For fragrance companies, it could be a merry Christmas indeed: the market could be up 5 to 7 percent for the year when factoring in holiday sales, noted Carrie M. Mellage, director of consumer products for Kline Group, the consulting and research firm.
Mellage was speaking at the Fragrance Foundation’s annual State of the Industry lunch, held Thursday at the Harvard Club in Manhattan. “In 2011, fragrance growth exceeded the industry average for the first time in a decade,” she added, noting that fragrance comprises about 9 percent of the overall personal care market, estimated to be about $56 billion for 2011. However, “the U.S. overall beauty market has surpassed prerecession levels, but the fragrance market has not — yet,” she said. Overall U.S. fragrance sales peaked in 2007 at $5.9 billion and dipped to $5.2 billion in 2008, staying flat until this year. Retail fragrance sales are expected to hit $5.5 billion this year in the U.S. Kline attributes the growth to a number of factors, including “frugal fatigue,” interesting new launches and a boom in foreign tourism.
There have also been an avalanche of launches of late. Michael Edwards of Fragrancesoftheworld.info, a database of the fragrance world, noted that, year-to-date, 1,200 new fragrances have been launched in 2011, with 80 percent of them sold in the U.S. That was compared to 1,180 launched in 2010; 372 in 2001, and just 76 in 1991. Of the fragrances launched in 2011, 766 of them were women’s scents, 305 were men’s and 129 were unisex. While there were no limited edition scents and just three flankers launched in 1991, in 2001 there were 32 limited edition scents launched and 52 flankers. Those numbers skyrocketed to 144 limited edition scents and 188 flankers in 2011.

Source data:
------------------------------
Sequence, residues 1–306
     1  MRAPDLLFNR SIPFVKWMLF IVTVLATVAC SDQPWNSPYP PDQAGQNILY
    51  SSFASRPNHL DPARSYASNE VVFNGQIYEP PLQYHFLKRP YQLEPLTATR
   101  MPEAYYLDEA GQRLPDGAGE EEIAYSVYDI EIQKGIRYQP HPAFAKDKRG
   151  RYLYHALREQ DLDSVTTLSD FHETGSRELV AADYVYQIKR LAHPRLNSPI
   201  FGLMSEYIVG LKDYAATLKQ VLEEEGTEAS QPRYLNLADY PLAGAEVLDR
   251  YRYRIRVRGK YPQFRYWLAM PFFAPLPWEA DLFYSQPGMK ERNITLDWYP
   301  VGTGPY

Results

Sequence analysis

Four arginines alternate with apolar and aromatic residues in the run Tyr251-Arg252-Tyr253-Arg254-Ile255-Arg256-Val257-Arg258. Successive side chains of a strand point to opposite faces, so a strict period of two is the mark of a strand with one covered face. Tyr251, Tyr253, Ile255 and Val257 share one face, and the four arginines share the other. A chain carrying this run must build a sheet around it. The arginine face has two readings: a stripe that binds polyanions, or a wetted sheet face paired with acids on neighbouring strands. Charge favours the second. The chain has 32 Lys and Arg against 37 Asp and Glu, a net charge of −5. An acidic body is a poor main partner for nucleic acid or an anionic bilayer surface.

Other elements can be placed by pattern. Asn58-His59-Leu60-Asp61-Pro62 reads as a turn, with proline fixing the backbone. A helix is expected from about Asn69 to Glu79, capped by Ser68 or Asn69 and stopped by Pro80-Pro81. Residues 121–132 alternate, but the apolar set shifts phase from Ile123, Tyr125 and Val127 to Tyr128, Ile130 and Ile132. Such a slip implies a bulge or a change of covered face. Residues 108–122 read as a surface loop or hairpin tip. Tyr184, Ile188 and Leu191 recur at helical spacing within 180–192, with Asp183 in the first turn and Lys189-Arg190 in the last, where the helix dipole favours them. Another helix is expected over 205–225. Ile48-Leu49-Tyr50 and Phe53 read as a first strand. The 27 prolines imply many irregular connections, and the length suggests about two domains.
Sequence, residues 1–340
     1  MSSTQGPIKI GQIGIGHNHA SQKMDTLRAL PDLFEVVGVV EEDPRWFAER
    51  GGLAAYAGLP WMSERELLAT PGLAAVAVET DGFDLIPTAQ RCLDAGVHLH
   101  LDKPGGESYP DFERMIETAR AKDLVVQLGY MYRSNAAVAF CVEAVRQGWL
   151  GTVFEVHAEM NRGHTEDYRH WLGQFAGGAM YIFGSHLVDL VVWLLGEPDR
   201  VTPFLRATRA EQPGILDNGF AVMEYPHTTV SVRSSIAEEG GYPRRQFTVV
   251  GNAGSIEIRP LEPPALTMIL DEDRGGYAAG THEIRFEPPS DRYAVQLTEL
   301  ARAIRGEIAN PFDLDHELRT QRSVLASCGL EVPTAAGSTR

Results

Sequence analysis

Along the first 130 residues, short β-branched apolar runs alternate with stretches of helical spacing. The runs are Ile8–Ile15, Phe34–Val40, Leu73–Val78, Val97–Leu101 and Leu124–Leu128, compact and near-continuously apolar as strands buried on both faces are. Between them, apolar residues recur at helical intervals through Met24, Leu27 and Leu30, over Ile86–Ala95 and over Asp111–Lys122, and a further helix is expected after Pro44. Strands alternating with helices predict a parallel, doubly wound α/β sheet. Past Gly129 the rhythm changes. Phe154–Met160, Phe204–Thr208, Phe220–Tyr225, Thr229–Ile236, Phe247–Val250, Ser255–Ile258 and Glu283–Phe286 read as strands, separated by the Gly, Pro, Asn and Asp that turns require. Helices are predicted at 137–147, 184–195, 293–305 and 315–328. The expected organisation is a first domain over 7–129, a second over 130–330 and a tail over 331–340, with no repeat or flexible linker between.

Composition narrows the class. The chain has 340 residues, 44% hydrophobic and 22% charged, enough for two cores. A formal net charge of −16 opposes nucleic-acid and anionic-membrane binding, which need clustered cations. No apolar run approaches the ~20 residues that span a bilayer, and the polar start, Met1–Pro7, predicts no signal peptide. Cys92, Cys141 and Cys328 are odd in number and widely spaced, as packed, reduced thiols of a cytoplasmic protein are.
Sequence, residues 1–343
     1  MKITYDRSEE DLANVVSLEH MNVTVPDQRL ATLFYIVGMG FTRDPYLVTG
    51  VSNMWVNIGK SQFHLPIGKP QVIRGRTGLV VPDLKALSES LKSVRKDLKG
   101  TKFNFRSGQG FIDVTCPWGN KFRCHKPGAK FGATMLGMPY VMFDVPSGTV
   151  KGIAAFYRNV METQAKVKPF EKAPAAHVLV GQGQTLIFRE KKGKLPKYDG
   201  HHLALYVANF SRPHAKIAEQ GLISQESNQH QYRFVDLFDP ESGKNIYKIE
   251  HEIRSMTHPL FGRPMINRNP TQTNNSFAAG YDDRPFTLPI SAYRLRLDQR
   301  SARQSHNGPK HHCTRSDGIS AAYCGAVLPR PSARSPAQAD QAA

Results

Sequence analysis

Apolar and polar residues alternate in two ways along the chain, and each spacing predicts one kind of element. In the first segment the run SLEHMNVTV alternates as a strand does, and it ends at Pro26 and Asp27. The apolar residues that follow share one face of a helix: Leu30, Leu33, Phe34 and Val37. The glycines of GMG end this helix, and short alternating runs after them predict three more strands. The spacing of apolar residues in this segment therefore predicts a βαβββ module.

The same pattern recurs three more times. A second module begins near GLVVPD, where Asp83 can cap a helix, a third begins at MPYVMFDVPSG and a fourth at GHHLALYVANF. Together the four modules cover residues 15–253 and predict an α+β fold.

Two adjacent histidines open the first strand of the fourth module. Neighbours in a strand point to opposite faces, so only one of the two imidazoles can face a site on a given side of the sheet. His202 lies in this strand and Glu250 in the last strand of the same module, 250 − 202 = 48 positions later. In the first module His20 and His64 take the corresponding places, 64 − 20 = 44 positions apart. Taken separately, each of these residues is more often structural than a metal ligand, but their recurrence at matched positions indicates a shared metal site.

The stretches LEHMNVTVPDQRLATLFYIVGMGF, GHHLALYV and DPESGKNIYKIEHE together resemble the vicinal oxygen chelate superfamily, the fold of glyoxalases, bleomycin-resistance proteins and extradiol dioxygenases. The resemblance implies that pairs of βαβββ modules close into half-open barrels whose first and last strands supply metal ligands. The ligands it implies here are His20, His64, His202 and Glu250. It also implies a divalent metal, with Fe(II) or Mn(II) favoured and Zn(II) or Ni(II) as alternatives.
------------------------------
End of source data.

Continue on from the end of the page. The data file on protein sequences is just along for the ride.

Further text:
And while many observers are fond of taking potshots at the celebrity fragrance genre, Edwards said that its popularity showed no signs of abating, with 73 celebrity scents launched this year. Also speaking at the lunch were Wendy Liebmann, chief executive officer of WSL Strategic Retail, who noted that the economy has forced women to be smarter shoppers and employ frugal tactics, and Lynn Franco of the Conference Board, who noted that market trends such as weak job growth and cautious spending do not bode well for a major recovery of the market in the near future. The affluent and shoppers between the ages of 35 and 54 are expected to be the biggest beauty spenders for the holiday season, she said.
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